The arboreal Malabar tree toad is seen only during the monsoon, after which it mysteriously disappears. Photo: Dr. Seshadri KS

Is all well in paradise?

Over the last two decades, our knowledge of amphibians has grown exponentially. Over 150 new species of frogs have been discovered, many of them from the Western Ghats. While such discoveries are absolutely necessary, there exists a large gap in the knowledge about the species ecology. We don’t have an answer to a simple question: What is the lifespan of a frog? While such information sounds trivial, it is important when we are attempting to conserve them.

For example, we know about 30 species of amphibians are found in the Agumbe landscape, but we know the ecology of only 5-6 species. For the rest of them, we do not know where they breed, what they feed on, or what habitats they need to survive. An ever-increasing human population, has destroyed natural habitats, and fragmented our landscapes. Roads, for example, are a huge threat to the amphibians of Agumbe.

With the introduction of more roads and vehicular traffic cutting through the landscape in Agumbe, frogs like this Malabar gliding frog, and other wildlife are at severe risk and often end up as roadkill. Photo: Dr. Seshadri KS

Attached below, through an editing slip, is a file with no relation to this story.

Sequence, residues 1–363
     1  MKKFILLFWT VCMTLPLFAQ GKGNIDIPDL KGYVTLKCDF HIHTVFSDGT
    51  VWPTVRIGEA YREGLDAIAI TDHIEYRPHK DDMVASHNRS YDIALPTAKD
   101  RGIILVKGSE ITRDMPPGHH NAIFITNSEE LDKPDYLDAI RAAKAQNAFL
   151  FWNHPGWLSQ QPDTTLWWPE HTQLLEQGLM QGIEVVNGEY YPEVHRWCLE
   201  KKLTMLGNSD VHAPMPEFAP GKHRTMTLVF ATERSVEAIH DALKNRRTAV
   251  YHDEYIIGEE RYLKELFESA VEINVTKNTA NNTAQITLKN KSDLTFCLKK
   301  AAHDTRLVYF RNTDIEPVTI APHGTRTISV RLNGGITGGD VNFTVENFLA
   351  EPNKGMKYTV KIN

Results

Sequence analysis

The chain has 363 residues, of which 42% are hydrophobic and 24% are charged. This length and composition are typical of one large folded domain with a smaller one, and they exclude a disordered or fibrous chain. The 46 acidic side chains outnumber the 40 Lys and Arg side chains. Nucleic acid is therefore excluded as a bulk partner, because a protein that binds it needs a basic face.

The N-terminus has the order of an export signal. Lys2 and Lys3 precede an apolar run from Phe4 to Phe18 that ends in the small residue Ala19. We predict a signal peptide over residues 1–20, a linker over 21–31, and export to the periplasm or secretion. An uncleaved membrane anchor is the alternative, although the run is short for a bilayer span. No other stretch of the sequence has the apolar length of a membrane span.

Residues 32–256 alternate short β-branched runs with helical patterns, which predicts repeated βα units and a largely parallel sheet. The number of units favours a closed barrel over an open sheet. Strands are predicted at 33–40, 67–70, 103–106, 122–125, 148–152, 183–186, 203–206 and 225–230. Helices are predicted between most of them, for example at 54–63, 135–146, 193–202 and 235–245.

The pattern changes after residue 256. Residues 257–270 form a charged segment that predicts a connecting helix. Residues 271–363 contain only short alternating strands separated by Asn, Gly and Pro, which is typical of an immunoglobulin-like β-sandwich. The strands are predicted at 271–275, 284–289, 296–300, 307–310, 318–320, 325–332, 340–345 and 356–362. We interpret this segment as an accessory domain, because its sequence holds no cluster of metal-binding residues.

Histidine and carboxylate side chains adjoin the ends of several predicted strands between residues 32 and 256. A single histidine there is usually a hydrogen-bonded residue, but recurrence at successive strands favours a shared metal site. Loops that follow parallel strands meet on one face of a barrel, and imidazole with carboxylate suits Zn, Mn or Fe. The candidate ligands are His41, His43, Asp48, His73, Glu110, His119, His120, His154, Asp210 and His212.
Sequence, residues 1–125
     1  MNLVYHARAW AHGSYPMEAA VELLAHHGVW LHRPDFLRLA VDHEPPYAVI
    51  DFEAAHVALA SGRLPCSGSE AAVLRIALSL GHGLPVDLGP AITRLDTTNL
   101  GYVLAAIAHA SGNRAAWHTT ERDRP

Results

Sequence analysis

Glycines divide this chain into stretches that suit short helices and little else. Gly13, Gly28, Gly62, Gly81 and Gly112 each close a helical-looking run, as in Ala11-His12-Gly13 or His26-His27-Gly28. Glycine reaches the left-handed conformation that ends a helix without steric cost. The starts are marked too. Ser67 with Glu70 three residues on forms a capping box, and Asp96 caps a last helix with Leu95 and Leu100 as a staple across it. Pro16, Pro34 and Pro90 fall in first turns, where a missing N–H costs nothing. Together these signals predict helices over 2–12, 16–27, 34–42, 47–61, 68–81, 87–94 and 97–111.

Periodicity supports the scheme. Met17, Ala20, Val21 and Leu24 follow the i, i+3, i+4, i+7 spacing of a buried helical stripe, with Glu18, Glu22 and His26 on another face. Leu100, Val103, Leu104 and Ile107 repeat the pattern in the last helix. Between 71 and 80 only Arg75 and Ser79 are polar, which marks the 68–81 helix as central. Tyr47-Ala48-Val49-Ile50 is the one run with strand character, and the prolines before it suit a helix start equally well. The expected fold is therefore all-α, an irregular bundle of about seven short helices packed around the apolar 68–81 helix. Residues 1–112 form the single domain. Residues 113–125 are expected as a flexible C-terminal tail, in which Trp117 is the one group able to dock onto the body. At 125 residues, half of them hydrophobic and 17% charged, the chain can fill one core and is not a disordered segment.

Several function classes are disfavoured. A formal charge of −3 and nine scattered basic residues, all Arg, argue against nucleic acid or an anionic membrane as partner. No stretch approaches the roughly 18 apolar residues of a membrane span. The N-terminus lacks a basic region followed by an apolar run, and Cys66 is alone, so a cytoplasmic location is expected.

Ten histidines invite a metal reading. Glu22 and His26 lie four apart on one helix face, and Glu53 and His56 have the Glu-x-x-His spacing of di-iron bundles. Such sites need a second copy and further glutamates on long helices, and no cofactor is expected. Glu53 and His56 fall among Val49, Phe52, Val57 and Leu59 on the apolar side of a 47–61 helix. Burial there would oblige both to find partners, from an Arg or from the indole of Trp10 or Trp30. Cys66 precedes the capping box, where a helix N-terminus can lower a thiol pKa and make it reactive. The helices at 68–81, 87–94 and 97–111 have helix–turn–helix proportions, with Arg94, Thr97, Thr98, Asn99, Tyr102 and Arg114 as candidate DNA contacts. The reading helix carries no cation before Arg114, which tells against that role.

We have repeatedly shown that roads cause mortality among smaller organisms like frogs, and studies in Agumbe have shown road mortality of frogs going up to thousands of individuals every monsoon. Yet recently, the road from Thirthalli to Agumbe has been doubled, causing large-scale destruction of habitat. Coupled with this is the mindless abuse of pesticides. While pesticides do kill pests, they often have catastrophic effects on other organisms like frogs which naturally consume pests.

There are many ways in which we could conserve the wonderful world of amphibians. It would need to start with learning about them and acknowledging their presence; for we will not conserve what we do not care for. It is time that we let amphibians one leap closer to our hearts. It would a sad world to live in without the night-long symphony of the wonderful creatures we call amphibians.